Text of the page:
Remember going to sleepovers as a kid? So much giggling and fun! With summer coming, most of our kids will be begging us to participate in this rite of passage that kids love. But when they ask, should we really say yes? Kids are only thinking of how much fun they’ll have and what would happen if they got left out. Meanwhile, we see the dangers and really need to weigh the pros and cons of sleepovers before we roll up the sleeping bags and send them on their way.
Really, there are so many potential positives and negatives about sleepovers that when my kids ask, my mind starts to swirl. And then they start to beg. So let’s hash it out before they ask. Here are 3 things to consider about sleepovers and the vital conversation to have if you allow them to go.
1. The Potential for Sexual Abuse
According to RAINN, 93 percent of childhood sexual abuse perpetrators are people their victims know. When a friend of mine was in elementary school, his soccer team won a championship game. The coach invited the whole team to his house for a sleepover. My friend’s mom had a bad feeling about it; she couldn’t put her finger on it, but she didn’t feel comfortable with the coach. Her son was devastated when she said he couldn’t attend. But years later, they learned that many of those young boys had been sexually abused. The coach was convicted and went to jail. Listen to your gut.
2. The Potential for Exposure to Pornography
The reality is kids can be exposed to pornography pretty easily these days. They spend an average of 9 hours a day on screen-based media (Common Sense Media). Even if your child doesn’t have a smartphone yet, a 2020 study revealed that 60 percent of 10- and 11-year olds do (fightthenewdrug.org).
These phones (as well as other screens) need to have some heavy safeguards to avoid exposure to pornography, like filters and age-appropriate settings. Many kids stumble upon it unintentionally and then they want to impress their friends with what they found. Your child could be the recipient of this content if the parents hosting the sleepover allow unrestricted screens in “private” places overnight, like a child’s bedroom.
3. The Potential for Exposure to Other Content That Isn’t Age-Appropriate
This may come as a surprise, but other parents (even people you know and respect) don’t always have the same standards you do. For example, you might not allow cursing in your home, but other families do. You might restrict your kids to age-appropriate movies, songs, or video games, but other families don’t.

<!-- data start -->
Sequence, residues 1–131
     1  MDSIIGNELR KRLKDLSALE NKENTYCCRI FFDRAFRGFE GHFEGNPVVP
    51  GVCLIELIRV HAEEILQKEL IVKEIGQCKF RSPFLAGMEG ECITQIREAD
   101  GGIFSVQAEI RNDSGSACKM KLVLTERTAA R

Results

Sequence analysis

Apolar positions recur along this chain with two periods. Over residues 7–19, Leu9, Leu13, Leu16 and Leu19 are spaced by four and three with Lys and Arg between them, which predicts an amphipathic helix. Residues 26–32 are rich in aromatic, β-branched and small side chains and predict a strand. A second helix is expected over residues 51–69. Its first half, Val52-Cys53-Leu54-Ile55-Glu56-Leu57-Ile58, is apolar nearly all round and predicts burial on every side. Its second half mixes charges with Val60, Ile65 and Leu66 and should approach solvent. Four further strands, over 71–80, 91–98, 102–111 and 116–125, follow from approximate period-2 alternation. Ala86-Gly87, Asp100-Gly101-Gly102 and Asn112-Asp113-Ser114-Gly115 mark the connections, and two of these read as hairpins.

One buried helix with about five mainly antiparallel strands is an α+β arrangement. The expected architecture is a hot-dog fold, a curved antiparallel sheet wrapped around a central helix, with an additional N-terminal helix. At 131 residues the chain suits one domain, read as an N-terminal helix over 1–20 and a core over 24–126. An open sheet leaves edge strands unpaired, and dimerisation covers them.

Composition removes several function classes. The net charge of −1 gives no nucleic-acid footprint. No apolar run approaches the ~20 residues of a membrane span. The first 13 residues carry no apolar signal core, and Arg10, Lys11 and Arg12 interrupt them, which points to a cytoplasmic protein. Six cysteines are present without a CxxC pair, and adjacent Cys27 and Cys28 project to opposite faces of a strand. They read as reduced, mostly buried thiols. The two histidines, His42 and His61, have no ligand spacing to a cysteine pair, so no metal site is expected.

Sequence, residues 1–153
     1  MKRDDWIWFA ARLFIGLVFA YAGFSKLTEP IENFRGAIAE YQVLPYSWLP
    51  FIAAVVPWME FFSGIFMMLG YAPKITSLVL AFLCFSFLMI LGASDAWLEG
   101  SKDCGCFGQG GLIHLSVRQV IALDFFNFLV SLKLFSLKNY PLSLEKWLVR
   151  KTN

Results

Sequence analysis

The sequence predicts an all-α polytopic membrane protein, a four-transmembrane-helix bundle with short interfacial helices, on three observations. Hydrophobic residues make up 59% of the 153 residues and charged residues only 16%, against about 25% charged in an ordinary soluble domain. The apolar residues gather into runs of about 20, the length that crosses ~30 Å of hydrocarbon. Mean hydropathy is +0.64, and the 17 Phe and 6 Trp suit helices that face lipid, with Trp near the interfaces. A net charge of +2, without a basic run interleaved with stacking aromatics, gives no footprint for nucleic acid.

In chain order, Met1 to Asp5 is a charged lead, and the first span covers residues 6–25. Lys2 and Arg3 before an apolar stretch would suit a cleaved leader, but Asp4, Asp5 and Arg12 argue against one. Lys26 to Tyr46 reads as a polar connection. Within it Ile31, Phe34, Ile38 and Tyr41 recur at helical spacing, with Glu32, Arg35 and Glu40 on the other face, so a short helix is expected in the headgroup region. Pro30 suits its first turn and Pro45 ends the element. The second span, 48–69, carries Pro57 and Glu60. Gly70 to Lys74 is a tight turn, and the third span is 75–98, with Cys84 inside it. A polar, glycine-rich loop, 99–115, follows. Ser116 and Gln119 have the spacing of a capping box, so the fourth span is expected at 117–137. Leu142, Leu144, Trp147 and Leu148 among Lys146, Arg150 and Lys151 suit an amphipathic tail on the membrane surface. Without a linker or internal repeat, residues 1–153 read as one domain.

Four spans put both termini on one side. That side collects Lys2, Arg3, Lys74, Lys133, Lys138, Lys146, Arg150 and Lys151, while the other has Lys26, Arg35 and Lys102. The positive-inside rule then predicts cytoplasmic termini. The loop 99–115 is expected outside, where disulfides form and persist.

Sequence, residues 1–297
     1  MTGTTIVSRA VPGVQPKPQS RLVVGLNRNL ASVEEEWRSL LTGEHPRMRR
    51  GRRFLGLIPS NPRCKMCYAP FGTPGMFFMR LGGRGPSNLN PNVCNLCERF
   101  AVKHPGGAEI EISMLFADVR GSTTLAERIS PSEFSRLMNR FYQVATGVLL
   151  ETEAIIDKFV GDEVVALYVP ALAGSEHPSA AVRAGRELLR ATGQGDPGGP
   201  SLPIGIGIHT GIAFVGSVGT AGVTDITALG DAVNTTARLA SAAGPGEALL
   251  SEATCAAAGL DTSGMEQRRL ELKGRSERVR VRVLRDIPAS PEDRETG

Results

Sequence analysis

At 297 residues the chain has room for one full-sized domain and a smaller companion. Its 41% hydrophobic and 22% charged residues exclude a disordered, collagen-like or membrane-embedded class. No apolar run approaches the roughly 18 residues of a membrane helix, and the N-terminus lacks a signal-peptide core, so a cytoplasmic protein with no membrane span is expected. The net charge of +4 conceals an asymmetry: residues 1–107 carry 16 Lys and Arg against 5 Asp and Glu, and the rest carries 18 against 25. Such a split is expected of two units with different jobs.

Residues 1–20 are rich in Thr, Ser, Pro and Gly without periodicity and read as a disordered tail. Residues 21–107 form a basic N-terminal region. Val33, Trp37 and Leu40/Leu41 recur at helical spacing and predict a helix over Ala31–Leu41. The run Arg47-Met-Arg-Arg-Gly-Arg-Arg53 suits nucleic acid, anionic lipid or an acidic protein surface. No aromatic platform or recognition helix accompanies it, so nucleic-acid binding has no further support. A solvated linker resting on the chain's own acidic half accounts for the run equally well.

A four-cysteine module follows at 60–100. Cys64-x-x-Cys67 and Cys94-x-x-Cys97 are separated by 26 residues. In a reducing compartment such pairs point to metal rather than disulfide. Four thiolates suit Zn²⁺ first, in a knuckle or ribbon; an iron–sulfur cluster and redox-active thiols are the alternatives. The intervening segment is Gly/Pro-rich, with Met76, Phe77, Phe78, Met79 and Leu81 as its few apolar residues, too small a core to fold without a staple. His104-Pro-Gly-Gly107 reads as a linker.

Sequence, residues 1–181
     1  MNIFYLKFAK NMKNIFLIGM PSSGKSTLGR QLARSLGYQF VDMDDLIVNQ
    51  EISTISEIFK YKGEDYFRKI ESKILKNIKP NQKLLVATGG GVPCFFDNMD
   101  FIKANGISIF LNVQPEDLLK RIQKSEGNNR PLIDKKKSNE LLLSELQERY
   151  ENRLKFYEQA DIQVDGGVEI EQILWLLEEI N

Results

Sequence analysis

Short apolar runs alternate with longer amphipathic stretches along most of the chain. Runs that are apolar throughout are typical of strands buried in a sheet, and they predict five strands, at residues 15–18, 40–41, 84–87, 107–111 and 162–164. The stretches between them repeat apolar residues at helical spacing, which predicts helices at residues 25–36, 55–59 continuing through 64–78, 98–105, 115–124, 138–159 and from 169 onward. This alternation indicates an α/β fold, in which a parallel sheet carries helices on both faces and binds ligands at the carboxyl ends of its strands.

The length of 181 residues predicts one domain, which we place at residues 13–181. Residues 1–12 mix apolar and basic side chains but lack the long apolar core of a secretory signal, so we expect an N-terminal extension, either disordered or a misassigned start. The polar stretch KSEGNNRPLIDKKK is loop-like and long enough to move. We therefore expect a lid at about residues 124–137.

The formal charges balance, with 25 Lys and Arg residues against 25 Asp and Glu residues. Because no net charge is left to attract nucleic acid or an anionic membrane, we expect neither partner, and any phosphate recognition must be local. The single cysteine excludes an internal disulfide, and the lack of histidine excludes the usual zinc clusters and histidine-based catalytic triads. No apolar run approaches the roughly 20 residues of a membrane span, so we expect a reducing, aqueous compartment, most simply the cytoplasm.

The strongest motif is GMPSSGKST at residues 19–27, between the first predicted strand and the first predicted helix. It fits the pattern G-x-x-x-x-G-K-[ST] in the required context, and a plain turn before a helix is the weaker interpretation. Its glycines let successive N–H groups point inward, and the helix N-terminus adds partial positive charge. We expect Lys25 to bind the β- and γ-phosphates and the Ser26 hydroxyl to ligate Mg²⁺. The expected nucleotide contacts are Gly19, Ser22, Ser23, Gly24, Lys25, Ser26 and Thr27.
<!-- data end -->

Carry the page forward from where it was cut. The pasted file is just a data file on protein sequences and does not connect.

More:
Sometimes there may be older siblings in the house who set the limits for what is seen and heard; R-rated movies, songs with explicit lyrics, and violent video-games are just a few that may come up. Younger siblings are, at the very least, seeing or hearing bits and pieces of content you only might find appropriate for a much older kid (and even then, it might not be healthy in your eyes).
This really goes without saying, but sleepovers are some of the best memory-makers in childhood. Staying up too late, eating junk food, whispering after the parents have yelled, “This time we’re serious! Go to sleep!” They are great for helping kids build deeper friendships. Plus, your kids get to practice their manners and see the family dynamic in another home.
The Conversation to Have Before They Go
- Talk about what to do if they are exposed to pornography.
- Come up with an “out”—what they can say or do if they think something that happens is wrong.
- Tell them that if they think their protests aren’t being heard, or if they feel uncomfortable or unsafe at any time, they immediately should call or text a parent.
Considering all the pros and cons of sleepovers, you have the right to say yes or no and you don’t have to justify it to anyone. Parents need to support one another if we decide not to allow sleepovers because it’s not always a black-and-white decision. We have to be as smart as we possibly can, and that’s all we are trying to do. So respect another mom’s “no” and don’t take it personally. Encourage your child to do the same.
What are the other pros and cons of sleepovers? Do you let your kids go?